Those failings, they say, result from Germany’s military brass never settling on a defined brief for the vessel.
When planning began in 2003, naval staff wanted an all-rounder that could tangle with Russian destroyers in the Baltic and serve as a base for humanitarian missions in tropical waters. Then, in 2005, they decided the ship didn’t need all of its predecessor’s heavy weaponry and should focus more on attacking enemies on land, including by ferrying marines into combat. Given Russia’s aggressive stance in the Baltic Sea, naval experts say that now appears to have been a miscalculation. The ship’s great weight—already almost twice that of the frigate model it is replacing—makes adding further weapons very difficult.
“These problems stem from Germany not having a strategic vision for its military,” said Ronja Kempin, defense-industry expert at the German Institute for International and Security Affairs in Berlin.
Defense experts say the frigate fiasco also shows the navy, German military engineers and the government’s defense-procurement body, after years without big projects to manage, has lost the expertise to bring these to fruition.
“Too complicated, too ambitious, too badly managed.” Marcel Dickow, a weapons-procurement expert at the German Institute for International and Security Affairs in Berlin, said of the frigate. “They threw money at the project without thinking it through.”
The spokesman for Germany’s military procurement office said while the ship project posed an “enormous challenge” for the contractors, its design specifications were “unambiguous and precise.” He added that the contractors have to solve outstanding problems with the vessel. “The [German military] will not take over the ship until all acceptance trials have been successfully completed,” he said.
German military spending is now rising rapidly to meet the North Atlantic Treaty Organization’s agreed commitment of 2% of gross domestic product. The defense budget is set to climb to €38.5 billion in 2018 from €37 billion in 2017 and €35.1 billion in 2016.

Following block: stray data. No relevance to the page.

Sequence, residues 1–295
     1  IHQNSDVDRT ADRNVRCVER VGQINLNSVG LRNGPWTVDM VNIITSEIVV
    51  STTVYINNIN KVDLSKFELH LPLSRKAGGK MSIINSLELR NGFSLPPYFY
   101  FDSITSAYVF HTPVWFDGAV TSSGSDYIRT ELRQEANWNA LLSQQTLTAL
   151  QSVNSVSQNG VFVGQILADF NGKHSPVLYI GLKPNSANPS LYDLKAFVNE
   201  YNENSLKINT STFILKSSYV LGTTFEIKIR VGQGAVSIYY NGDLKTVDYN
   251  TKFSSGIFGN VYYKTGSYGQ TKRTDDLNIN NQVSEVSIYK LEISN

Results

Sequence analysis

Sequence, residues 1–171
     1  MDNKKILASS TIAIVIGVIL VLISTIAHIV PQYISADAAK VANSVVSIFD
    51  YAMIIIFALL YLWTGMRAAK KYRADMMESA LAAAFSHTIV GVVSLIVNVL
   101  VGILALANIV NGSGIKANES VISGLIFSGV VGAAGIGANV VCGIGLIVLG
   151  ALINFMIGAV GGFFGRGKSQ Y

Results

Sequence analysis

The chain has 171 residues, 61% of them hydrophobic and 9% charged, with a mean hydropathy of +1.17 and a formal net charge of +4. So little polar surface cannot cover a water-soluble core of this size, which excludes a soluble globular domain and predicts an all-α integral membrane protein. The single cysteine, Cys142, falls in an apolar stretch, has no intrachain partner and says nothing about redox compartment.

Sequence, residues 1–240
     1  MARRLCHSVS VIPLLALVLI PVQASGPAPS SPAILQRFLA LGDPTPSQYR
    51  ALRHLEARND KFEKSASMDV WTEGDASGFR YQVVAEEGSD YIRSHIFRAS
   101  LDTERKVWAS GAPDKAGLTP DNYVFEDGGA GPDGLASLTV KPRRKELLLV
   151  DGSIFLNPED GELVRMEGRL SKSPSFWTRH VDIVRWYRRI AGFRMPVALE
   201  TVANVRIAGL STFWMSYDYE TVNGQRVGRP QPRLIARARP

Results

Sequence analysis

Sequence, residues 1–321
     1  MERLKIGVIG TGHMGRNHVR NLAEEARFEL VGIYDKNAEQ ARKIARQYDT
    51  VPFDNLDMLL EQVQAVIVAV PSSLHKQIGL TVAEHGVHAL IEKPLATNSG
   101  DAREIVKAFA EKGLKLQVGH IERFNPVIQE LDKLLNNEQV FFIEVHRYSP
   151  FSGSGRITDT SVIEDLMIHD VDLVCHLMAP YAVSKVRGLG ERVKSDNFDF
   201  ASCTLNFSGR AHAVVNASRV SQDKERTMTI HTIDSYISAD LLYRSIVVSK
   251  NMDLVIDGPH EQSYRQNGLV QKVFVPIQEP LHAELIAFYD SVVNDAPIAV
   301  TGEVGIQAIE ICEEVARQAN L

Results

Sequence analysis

But this growth follows years of fiscal attrition that have degraded the government’s capacity to manage ambitious military projects. And while German firms like Heckler & Koch AG and Rheinmetall are market leaders in rifles, tanks and howitzers, competence in larger, more complex systems has eroded during the lean years.
”There’s a whole generation of German engineers who haven’t worked on a major defense project,” said Mr. Mölling, the defense expert. “It’s not that they lost this skill; they never learned it.”
Engineering graduates shun weapons manufacturers in favor of “sexier” employers like conglomerate Siemens AG or car maker BMW AG, which offer better pay and career prospects, according to Mr. Mölling.
Likewise, defense companies have failed to attract the graduates needed to develop sophisticated new systems that are increasingly centered on software, said Sandro Gaycken, a director at the European School of Management and Technology in Berlin.
Berlin could have bought warships from U.S., U.K. or French shipyards, but the government chose German bidders to buoy employment at German shipyards, according to Ms. Kempin, the defense expert.
Kiel-based naval engineer Lothar Dannenberg, who wasn’t involved directly in the frigate project, blamed its failures largely on what he said was the incompetence of the procurement office. “We were left shaking our heads,” he said.